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Int. J. Business Excellence, Vol. X, No. Y, xxxx 1
Copyright © 20XX Inderscience Enterprises Ltd.
Establishing the link between marketing and
accounting functions: a review
Mohammed T. Nuseir
Department of Management and MIS,
College of Business,
Al Ain University of Science and Technology,
Abu Dhabi Campus, P.O. Box 112612, Abu Dhabi, UAE
Abstract: Marketing and accounting functions are carried out by two different
departments of an organisation. These two departments should complement
each other practically and perceptually, but in fact, this rarely appears to be the
case. The functions carried out by the marketing and accounting departments
tend to be very different, and there has been little attempt to link them. This
literature review examines the respective functions of the two departments and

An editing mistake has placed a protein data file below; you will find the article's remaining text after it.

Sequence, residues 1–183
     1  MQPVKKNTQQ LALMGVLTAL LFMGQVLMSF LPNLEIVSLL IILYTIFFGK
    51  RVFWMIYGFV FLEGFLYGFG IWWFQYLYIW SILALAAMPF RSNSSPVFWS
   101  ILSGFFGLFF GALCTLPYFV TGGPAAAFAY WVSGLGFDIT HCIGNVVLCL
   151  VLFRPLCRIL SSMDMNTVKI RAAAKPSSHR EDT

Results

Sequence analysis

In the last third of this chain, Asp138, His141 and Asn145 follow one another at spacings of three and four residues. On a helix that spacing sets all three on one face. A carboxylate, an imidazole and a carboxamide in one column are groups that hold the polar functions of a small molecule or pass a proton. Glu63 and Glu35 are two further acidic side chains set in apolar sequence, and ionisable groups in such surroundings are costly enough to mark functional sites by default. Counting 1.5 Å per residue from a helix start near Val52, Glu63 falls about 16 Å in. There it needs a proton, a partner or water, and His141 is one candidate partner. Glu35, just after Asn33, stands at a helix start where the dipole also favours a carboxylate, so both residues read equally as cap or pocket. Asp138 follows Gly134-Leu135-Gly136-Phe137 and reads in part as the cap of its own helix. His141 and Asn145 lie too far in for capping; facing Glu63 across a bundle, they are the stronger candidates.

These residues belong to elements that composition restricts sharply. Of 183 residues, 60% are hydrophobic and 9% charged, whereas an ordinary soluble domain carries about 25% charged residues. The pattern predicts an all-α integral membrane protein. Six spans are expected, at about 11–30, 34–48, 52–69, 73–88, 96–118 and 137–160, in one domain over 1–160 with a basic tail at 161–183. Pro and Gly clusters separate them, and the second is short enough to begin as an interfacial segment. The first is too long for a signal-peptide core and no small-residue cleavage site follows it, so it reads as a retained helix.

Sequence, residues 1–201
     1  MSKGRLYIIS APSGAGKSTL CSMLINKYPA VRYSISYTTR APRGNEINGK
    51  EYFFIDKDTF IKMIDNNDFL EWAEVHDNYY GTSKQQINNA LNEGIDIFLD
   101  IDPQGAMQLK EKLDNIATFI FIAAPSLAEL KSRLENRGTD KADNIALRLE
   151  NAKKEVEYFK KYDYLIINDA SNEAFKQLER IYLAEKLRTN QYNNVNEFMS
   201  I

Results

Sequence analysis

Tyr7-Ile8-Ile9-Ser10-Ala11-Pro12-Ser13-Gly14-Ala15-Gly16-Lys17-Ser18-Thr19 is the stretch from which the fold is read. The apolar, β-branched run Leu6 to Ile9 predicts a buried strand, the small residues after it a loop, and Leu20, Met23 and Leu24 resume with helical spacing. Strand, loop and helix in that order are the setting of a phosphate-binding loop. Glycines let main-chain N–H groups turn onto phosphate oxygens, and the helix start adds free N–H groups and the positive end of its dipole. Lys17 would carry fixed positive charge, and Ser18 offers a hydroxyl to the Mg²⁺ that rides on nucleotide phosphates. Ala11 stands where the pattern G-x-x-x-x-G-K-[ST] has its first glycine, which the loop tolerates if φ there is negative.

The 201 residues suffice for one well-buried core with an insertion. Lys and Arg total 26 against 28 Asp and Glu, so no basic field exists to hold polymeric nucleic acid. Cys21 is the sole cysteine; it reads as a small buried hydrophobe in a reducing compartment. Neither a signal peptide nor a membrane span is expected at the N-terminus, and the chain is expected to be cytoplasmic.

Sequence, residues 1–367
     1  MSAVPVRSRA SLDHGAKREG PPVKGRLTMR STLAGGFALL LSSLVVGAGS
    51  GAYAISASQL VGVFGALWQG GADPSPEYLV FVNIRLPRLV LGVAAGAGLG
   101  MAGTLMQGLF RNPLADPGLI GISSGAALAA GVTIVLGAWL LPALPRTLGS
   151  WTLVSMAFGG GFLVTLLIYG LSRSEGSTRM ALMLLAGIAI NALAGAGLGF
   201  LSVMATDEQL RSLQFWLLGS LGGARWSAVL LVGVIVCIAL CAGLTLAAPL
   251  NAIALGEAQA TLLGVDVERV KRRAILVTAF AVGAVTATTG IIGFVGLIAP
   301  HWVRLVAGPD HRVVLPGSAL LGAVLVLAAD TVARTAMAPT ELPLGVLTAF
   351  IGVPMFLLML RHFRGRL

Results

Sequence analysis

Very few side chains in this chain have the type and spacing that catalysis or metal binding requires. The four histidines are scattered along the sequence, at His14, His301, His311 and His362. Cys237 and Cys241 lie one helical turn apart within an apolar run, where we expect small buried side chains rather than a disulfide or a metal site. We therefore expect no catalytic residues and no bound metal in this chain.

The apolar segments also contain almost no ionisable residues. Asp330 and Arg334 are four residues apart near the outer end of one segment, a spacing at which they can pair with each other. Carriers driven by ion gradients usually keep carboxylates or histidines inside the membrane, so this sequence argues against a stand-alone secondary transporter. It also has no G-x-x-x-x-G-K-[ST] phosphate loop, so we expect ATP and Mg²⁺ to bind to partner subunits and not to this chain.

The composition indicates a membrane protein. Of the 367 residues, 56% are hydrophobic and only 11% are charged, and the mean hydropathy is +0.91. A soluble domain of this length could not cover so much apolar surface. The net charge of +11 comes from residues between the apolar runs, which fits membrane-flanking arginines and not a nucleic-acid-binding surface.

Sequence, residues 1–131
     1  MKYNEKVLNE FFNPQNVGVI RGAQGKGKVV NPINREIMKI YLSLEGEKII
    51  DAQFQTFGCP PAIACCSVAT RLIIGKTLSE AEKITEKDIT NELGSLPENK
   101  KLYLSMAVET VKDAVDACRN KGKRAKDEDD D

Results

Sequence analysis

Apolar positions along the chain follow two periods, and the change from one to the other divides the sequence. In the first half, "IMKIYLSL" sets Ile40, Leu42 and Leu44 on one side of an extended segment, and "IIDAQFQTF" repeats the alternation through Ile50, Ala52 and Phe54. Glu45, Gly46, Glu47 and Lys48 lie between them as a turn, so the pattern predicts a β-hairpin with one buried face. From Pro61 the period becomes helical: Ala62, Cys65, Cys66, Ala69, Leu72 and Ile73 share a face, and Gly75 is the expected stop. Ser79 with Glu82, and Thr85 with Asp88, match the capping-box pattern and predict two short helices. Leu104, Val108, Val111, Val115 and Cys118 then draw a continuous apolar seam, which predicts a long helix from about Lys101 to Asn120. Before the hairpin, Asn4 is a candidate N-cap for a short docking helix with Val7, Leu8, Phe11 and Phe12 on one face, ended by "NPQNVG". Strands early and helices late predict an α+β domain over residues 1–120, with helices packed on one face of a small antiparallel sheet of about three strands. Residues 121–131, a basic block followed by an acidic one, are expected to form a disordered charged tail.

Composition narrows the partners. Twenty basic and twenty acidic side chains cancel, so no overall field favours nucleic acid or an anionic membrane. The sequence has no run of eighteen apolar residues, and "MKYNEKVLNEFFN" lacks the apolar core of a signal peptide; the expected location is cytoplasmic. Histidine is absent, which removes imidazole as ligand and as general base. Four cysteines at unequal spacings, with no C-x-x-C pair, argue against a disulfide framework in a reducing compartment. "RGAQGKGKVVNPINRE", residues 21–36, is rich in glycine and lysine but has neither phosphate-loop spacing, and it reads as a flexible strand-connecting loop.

links them through the prism of the stakeholders, as the opinions of
stakeholders are vital to the success of any organisation. The need to pass
information to the stakeholders, and the way information among stakeholders is
shared, can be a starting point to understanding the link between these
departments. This study has identified the importance of eliminating the tiered
perception of departments in an organisation by evaluating the functional
relationships among them. It is crucial to understand that marketing and
accounting functions ‘meet’ in a common place at the operational level.
Keywords: marketing; accounting; perception; functional organisation
structure; stakeholders.
Reference to this paper should be made as follows: Nuseir, M.T. (xxxx)